So with just over three minutes remaining, Avery pushed his luck again, high-sticking Brian Pothier.

Avery spent the rest of the game either in the box, or alone at the end of the bench, looking like a kid who can't figure out why he's being punished. If Henrik Lundqvist had not played his Swedish behind off, Avery could have cost his team a 3-1 series lead.

Avery had already had a rough game in Monday night's loss and had the Madison Square Garden turning on him. It will be interesting to see how he is treated if he keeps this up.

Calgary Flames forward Andre Roy has been suspended one game by the NHL after initiating contact with Chicago Blackhawks defenseman Aaron Johnson during pre-game warmups Wednesday night.

New Jersey Devils Captain Jamie Langenbrunner will miss his third straight game tonight against the Carolina Hurricanes.

Martin Brodeur speaks about his crybaby outburst following Tuesday's last-second loss to Carolina.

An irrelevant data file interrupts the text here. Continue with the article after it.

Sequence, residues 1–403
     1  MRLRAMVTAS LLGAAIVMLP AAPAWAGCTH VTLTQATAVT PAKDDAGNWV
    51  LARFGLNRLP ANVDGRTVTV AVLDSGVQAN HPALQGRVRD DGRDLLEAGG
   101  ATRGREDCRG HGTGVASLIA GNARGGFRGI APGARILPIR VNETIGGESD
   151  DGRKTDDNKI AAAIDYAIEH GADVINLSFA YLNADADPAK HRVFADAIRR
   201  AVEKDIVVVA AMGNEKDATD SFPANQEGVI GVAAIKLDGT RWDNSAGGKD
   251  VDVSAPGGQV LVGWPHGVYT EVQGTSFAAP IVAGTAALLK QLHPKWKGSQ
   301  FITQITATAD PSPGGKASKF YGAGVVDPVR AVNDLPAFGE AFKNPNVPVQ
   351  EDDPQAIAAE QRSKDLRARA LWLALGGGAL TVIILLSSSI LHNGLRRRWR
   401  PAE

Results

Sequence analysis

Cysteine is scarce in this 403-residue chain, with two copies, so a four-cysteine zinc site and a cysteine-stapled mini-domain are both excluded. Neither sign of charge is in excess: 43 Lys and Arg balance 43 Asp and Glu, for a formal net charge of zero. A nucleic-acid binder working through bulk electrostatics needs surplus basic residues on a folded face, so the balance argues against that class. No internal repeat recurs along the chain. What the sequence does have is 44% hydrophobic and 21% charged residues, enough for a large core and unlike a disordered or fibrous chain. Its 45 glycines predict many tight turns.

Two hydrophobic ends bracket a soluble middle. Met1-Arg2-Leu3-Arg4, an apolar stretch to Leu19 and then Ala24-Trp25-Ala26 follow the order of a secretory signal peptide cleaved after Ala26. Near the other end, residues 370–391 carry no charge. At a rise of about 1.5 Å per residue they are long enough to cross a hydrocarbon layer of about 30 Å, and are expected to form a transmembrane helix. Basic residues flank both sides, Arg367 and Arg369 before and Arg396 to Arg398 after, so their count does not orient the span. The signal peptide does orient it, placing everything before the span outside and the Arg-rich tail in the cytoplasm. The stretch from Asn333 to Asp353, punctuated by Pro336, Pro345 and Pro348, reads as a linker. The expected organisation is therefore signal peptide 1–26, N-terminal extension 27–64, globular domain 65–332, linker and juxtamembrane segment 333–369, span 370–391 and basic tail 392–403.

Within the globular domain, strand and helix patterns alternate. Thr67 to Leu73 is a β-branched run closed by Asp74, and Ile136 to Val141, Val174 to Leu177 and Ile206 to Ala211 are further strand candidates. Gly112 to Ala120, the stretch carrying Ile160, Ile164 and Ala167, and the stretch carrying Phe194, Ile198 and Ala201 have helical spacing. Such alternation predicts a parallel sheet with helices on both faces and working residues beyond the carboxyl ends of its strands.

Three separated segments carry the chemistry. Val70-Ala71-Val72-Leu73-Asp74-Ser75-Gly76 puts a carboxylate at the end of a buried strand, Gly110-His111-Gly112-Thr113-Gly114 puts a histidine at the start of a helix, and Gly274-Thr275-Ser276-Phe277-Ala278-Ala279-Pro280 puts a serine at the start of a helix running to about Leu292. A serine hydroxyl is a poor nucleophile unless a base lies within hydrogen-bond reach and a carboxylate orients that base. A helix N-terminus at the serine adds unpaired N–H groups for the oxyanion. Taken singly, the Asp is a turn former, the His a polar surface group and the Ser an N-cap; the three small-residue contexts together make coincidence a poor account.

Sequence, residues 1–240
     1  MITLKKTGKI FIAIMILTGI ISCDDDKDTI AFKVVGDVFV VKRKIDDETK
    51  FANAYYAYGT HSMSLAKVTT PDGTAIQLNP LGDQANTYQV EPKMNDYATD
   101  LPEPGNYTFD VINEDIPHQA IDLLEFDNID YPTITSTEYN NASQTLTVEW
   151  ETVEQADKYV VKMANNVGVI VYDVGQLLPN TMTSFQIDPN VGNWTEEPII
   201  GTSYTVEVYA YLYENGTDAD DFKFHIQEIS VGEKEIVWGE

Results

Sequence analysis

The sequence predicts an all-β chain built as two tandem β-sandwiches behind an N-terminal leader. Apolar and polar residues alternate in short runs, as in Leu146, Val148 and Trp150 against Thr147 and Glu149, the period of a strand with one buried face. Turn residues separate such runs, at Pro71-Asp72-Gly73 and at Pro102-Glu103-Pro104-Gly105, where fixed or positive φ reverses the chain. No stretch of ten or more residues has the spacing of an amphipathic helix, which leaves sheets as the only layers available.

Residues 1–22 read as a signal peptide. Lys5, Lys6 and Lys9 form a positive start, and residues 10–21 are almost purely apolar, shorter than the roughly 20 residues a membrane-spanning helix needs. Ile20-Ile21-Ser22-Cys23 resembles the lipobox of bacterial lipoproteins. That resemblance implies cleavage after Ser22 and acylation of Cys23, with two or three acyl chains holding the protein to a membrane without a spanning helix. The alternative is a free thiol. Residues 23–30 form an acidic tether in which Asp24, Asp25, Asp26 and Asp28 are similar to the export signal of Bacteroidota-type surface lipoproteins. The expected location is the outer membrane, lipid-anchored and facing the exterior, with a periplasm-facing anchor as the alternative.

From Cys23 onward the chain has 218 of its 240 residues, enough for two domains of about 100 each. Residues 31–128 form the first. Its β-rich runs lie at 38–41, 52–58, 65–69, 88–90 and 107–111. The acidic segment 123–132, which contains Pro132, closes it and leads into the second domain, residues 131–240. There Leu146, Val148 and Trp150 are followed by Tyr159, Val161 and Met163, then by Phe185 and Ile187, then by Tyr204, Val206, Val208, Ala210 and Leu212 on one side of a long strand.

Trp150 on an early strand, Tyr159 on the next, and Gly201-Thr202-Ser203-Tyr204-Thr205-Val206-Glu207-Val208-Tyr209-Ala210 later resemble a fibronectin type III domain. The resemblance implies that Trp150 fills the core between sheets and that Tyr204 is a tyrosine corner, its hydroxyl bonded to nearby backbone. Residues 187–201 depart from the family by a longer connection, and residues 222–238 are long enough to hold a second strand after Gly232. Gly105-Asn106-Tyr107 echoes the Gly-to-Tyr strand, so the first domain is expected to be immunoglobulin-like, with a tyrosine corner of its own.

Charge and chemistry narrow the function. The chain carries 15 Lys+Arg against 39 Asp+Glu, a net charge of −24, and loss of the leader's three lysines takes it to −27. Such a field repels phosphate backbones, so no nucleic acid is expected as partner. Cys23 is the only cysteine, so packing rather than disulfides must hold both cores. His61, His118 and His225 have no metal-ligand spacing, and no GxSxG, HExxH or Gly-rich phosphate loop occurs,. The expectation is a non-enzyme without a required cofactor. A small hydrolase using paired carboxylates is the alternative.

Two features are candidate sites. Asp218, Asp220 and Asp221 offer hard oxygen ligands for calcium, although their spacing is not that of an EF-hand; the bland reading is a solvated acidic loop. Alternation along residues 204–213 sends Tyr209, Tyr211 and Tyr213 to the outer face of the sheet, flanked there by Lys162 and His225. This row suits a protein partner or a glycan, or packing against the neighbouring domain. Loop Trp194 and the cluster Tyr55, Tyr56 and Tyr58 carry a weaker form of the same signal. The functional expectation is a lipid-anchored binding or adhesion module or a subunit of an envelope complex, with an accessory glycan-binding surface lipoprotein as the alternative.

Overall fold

“I saw what you did last night, Daddy,” Brodeur recalled.

The goaltender then asked his daughter what he did. She refused to say.

“So I said: ‘OK, I won’t do it again, sorry,”’ Brodeur said with a laugh indicative of a proud father

He still believes the bump on the play was a penalty, although it's based on what he believes should be the rule.

“I still believe if I get position, regardless of whether it is blue ice or white ice, whatever they call it, they should not be able to hit me or touch me,” he said. “I think looking at it, I don’t think it’s worth calling a penalty, but there is a rule about incidental contact outside your crease. There is a whistle, you know, and the play is stopped dead."

Copper and Blue wants the Edmonton Oilers to get in on the bidding action for Jonas Gustavsson.